Elsewhere, in the Greek and Roman societies, olympic wrestling was practiced. The appeal of this sport to that society can be seen as expressive of their Socratic ideals. Socrates taught that men should "know themselves" and that they should also strive for balance between their spiritual and physical aspects. Thus, the ideal man was one who possessed a "sound mind in a sound body". And the military character of the city-state of Sparta was also expressive of a certain Hellenic martial outlook.

In medieval Europe, the armoured knights of the Crusade periods were influenced by the philosophical views of their Christian faith to abide by a certain standard of behaviour - which was called "chivalry". Though not as thoroughly developed as the DO of the Orient, the point still remained: the most chivalrous knights were ideally guided by a religious commitment to spiritual values. This viewpoint was idealized in the European legends of King Arthur and his "Round Table" of Christian knights.

These are but a few historical examples, which indicate that the martial traditions of different societies all have some connection to the religious and philosophical views of their cultures. This being the case, the Wonhwa Doist must develop his appreciation and understanding of the inherent spirituality of the martial arts - its religious and philosophical dimension - and be able to commit himself to the pursuit and realization of those ideals. This stress on spirituality is part of the ancient tradition of the martial arts, and it is one aim of Wonhwa Do to revive, maintain and even elevate it.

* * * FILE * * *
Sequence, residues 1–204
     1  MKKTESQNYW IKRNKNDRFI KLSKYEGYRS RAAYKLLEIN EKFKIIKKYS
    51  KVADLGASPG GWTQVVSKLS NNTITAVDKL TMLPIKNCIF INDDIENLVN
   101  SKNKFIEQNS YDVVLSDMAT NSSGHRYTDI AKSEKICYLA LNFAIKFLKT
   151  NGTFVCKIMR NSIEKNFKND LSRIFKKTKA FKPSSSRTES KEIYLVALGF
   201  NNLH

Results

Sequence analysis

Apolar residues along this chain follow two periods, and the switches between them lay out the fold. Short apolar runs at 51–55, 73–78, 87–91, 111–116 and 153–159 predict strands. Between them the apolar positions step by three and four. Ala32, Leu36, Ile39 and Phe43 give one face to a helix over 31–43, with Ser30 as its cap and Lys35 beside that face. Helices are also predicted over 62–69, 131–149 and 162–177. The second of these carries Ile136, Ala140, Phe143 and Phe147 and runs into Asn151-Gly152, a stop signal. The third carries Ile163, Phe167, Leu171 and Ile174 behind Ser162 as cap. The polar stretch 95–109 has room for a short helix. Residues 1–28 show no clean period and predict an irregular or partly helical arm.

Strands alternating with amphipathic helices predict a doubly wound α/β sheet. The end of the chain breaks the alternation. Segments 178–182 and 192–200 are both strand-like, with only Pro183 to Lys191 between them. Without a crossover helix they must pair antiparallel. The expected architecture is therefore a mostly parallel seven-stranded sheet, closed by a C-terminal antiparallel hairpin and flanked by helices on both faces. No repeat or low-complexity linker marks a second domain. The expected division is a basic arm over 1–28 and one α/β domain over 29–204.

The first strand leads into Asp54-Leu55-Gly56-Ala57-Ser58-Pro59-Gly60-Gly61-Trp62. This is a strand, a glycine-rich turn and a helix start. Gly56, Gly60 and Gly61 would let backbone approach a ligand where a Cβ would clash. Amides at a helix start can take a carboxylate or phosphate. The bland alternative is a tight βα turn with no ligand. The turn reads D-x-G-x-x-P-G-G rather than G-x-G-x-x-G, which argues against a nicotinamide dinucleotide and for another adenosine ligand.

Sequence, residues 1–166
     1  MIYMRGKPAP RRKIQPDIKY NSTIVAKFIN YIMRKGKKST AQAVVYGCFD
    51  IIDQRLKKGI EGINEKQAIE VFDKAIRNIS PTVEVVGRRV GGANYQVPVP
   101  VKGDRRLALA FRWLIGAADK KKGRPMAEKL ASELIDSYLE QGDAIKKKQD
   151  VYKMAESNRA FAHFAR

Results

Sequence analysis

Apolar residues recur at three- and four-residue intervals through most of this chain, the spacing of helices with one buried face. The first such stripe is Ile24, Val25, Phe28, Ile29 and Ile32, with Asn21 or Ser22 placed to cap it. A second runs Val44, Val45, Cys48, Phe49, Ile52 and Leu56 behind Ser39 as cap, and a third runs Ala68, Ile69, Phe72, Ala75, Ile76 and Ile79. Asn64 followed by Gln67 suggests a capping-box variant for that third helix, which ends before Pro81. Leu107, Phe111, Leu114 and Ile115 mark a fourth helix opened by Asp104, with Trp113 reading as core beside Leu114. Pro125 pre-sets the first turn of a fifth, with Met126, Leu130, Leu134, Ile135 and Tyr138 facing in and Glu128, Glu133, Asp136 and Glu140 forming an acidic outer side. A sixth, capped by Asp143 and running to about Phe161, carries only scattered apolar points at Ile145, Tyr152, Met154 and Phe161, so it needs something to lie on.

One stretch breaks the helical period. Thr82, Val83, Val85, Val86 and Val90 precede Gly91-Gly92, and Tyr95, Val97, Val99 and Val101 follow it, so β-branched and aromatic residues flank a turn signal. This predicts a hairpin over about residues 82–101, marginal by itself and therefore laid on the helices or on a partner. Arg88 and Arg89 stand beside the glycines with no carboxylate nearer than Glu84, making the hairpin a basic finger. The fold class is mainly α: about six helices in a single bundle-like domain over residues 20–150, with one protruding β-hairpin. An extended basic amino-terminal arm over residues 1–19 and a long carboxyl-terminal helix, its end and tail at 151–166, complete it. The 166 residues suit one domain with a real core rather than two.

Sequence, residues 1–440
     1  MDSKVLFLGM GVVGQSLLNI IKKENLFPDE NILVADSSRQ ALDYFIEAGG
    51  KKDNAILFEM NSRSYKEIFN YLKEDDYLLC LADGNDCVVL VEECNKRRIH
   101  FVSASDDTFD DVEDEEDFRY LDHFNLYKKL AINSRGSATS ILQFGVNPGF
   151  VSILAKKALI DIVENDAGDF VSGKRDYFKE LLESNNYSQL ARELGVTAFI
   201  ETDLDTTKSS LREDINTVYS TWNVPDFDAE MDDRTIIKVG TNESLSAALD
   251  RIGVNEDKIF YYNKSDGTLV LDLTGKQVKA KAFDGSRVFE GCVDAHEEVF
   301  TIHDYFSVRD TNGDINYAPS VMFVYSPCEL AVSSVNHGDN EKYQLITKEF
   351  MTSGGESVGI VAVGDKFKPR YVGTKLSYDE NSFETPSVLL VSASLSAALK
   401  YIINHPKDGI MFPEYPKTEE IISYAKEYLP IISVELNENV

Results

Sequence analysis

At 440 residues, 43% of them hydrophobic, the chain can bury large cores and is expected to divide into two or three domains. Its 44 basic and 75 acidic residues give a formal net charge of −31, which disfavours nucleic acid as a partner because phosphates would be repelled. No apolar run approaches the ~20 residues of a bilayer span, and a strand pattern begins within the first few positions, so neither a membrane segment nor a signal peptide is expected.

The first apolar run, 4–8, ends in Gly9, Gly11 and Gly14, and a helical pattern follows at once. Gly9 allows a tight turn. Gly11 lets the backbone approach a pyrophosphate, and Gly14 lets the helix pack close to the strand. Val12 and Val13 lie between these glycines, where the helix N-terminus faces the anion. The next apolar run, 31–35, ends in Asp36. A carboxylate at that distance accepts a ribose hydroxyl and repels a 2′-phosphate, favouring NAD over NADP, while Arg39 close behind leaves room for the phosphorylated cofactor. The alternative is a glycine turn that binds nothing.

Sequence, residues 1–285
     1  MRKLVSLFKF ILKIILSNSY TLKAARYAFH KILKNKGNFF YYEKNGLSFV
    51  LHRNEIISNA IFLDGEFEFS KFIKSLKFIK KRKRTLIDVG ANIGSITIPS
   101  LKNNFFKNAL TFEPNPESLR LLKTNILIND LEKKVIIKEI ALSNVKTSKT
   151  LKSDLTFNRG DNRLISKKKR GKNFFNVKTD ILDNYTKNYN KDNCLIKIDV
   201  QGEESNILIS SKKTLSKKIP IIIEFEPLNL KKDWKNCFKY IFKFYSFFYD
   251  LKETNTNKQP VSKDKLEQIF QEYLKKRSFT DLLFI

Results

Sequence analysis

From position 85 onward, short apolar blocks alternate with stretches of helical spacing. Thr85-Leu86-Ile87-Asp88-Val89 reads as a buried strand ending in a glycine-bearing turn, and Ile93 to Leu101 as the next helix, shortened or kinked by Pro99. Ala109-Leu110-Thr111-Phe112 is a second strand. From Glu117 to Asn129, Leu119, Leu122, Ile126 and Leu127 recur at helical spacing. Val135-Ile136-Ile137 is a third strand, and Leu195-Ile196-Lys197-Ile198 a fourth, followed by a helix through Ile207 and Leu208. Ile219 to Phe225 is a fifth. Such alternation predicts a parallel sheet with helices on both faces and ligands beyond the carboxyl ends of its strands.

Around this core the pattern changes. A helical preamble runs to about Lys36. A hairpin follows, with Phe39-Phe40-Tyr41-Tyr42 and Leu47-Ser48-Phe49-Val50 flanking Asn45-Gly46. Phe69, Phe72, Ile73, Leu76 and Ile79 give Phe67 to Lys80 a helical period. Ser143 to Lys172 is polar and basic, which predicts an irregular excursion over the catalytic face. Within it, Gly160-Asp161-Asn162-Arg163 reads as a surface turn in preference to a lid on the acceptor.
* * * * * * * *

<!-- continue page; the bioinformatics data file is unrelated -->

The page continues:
II. Basic Concepts
In martial arts philosophy, there are general, basic concepts which influence training. These have to do with 1) the purpose of martial arts, 2) the concept of human nature and 3) views of what is ethical and moral behavior.

A. The Purpose of Martial Arts

Three purposes for training in the traditional martial arts are readily discernable. The first is for self-defense and it is the most obvious reason for training. Beyond that is the second level of purpose, which is for self-perfection. At this level, one goes beyond the concern for the physical protection and develops a willingness to undergo discipline, austerity, hardship and even suffering, which is not only physical but spiritual as well. One becomes concerned with hardening not only one's muscles, but with specially toughening the will aspect of one's character.
In regard to this second purpose, the Greek philosophers identified three mental functions of our minds: the intellect, the emotion and the will. Those three must ideally be in balance, but in reality human nature is often deficient in one aspect and this leads to an unbalanced personality. One of the problems which plagues man is the weakness of his will. For example, we may intellectually know what is true, we may emotionally feel what is beautiful and we may will what is good. Nevertheless, we many not possess the strength of will to discipline ourselves to push forward and realize that true, beautiful and good action. This leads to disappointment or even severe discouragement.
Due to such pitfalls, it is necessary to supplement intellectual and aesthetic training with another kind of training, which strengthens the will aspect of our nature. Then we would then develop power to discipline intellect and to control emotions when it is necessary to do so. This in turn promotes the inner balance, which is necessary to approach self-perfection.
A third purpose of traditional martial arts training takes us beyond the concern for our own personal achievement into the realm of concern for the happiness and well-being of others. This concern involves an outward extension of our hearts to the point that our sense of priorities is altered from self-centeredness to selflessness. At this point the individual is capable of choosing to make spiritual and physical sacrifices for the sake of others because he finds a deeper happiness in the act of extending himself for them.
In the martial arts, Confucian philosophy indicates five directions of self-sacrifice: for one's ruler, for one's parents, for one's spouse, for one's friends and for one's siblings. Hwarangdo philosophy promotes self-sacrifice for national well-being. Bushido promotes self-sacrifice for the sake of the leader. Judeo-Christian philosophy promotes self-sacrifice for the people or things Whom God loves.

B. The View of Human Nature
1. Perfectability